The 2022-2023 wine campaign in Bourgogne marked a slight return to normality, with the generous 2022 vintage allowing for partial replenishment of stocks, according to BIVB. However, the marketing results for the year were influenced by the significant changes and uncertainties of the past two years.
The 2022 harvest yielded around 1.75 million hectoliters, translating to just over 233 million bottles. This has helped in partially replenishing stocks, even though the average harvest over the past five years remains below 1.5 million hectoliters. Despite this, stocks at the estates by the end of July 2023 were still below the five-year average.
Export sales continued their upward trajectory. Although the volumes exported saw a slight dip after a robust 2022, they remained higher than the pre-Covid period of 2019, showing an increase of 5.3% in volume for the first half of 2023 compared to the same period in 2019.
The 2022 vintage played a significant role in boosting shipments from the estates, with sales increasing by 24% compared to the 2021-2022 campaign. This surge was primarily driven by intra-regional transactions within Bourgogne, which saw a remarkable 59% increase compared to the previous year.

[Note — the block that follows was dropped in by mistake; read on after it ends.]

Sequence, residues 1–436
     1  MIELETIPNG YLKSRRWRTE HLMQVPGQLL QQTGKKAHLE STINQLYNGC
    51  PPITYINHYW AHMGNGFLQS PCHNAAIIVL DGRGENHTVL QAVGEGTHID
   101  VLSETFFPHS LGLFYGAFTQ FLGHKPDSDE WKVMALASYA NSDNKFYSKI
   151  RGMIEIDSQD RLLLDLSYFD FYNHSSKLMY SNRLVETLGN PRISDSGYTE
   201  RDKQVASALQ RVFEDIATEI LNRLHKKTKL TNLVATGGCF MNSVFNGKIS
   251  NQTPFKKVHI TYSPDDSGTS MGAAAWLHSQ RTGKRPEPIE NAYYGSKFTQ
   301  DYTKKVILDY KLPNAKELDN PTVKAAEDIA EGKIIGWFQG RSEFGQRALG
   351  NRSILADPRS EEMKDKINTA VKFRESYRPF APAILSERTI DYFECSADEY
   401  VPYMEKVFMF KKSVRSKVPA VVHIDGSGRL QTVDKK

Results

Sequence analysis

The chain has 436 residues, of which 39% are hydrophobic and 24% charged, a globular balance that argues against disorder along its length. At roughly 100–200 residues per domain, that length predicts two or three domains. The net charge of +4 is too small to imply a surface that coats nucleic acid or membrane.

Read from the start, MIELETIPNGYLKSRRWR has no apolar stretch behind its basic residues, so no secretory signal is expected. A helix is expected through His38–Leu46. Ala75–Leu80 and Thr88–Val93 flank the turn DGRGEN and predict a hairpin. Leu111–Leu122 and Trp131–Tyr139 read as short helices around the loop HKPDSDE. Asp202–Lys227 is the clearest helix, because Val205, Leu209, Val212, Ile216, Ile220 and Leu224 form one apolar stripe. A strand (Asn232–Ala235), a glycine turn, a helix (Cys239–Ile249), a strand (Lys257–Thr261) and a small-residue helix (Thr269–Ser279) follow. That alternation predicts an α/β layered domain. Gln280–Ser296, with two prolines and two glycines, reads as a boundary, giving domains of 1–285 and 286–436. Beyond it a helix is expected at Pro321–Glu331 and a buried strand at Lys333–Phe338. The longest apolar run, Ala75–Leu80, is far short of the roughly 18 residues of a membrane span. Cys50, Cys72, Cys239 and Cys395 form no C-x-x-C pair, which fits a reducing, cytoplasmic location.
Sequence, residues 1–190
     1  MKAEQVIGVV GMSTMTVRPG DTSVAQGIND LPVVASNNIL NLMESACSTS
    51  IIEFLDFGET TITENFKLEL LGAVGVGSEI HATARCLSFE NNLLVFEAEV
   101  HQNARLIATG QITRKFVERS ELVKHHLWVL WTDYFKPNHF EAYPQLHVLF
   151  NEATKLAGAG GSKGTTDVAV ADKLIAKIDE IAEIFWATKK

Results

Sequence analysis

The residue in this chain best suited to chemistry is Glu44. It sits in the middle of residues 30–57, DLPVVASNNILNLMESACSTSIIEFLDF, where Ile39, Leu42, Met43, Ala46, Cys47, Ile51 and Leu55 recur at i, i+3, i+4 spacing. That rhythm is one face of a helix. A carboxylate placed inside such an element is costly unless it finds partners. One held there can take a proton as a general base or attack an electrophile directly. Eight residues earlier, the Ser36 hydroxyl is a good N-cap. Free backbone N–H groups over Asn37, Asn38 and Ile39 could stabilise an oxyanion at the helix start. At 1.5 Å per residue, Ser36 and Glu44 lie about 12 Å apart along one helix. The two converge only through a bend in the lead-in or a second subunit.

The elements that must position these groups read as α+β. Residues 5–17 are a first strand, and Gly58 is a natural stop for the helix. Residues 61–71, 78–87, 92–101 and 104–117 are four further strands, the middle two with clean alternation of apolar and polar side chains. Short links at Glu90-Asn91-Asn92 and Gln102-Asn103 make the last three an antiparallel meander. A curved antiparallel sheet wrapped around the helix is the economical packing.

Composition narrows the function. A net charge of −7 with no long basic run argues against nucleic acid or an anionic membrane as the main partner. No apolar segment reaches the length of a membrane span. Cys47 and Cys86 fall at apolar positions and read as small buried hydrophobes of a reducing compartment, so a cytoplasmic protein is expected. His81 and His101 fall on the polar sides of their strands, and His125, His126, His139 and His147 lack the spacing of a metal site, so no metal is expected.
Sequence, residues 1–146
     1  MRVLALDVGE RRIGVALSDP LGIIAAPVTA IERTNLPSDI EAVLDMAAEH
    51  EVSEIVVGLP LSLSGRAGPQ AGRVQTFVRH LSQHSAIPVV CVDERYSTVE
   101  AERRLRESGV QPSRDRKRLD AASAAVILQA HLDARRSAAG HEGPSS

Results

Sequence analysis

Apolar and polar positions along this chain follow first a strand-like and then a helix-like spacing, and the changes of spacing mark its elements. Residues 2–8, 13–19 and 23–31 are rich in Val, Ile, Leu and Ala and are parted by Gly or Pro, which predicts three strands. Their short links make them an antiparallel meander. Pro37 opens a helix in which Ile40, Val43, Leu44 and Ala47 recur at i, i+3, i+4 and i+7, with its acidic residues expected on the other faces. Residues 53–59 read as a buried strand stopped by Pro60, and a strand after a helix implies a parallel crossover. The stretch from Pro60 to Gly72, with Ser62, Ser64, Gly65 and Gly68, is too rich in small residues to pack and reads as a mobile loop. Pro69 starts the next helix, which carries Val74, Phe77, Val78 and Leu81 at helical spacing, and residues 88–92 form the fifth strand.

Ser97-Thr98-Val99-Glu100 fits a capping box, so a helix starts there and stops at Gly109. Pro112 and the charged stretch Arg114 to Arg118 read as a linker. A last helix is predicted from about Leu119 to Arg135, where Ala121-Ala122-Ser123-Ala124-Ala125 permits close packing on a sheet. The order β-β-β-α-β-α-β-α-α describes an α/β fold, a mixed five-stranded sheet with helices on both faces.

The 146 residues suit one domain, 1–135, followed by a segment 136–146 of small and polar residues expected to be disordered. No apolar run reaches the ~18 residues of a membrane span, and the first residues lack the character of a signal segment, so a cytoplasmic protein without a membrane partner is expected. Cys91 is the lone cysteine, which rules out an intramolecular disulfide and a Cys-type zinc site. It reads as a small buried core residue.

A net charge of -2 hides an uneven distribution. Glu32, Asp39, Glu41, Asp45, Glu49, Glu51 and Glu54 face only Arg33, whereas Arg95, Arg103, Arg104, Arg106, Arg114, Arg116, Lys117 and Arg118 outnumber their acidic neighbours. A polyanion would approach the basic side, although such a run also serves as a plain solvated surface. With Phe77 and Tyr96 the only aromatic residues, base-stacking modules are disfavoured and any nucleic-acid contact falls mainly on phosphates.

Several appellations performed notably well in the first half of 2023:
- Régionale AOC Mâcon white: Saw a 10.8% increase in volume, benefiting from an upmarket shift, especially through the Mâcon plus geographical denomination, which rose by 18.3%.
- Chablis and Petit Chablis AOCs: Remained stable with a 0.2% increase in volume, resulting in sales of over €80 million.
- Crémant de Bourgogne: Experienced a 6% volume increase, with sales reaching €25.5 million.
Bourgogne’s primary markets, known as the “Famous Five” (United States, United Kingdom, Canada, Japan, and Belgium), which have been importing an average of almost two-thirds of the volumes for about a decade, saw a slowdown in their purchases in 2022. However, other countries, including Sweden, the Netherlands, Denmark, and several Asian countries like China, South Korea, Hong Kong, Taiwan, and Singapore, have been compensating for this decline.
The “Famous Five” continued their declining trend in the first half of 2023, but there was a slight resurgence in the second quarter, especially in Belgium (13% increase), Japan (10.4% increase), and the UK (5.3% increase).